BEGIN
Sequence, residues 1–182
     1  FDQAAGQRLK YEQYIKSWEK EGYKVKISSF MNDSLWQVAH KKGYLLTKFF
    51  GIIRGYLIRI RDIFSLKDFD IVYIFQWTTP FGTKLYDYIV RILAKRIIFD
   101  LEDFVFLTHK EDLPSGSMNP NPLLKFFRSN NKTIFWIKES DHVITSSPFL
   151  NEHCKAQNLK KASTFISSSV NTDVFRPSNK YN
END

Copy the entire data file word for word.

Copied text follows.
Sequence, residues 1–182
     1  FDQAAGQRLK YEQYIKSWEK EGYKVKISSF MNDSLWQVAH KKGYLLTKFF
    51  GIIRGYLIRI RDIFSLKDFD IVYIFQWTTP FGTKLYDYIV RILAKRIIFD
   101  LEDFVFLTHK EDLPSGSMNP NPLLKFFRSN NKTIFWIKES DHVITSSPFL
   151  NEHCKAQNLK KASTFISSSV NTDVFRPSNK YN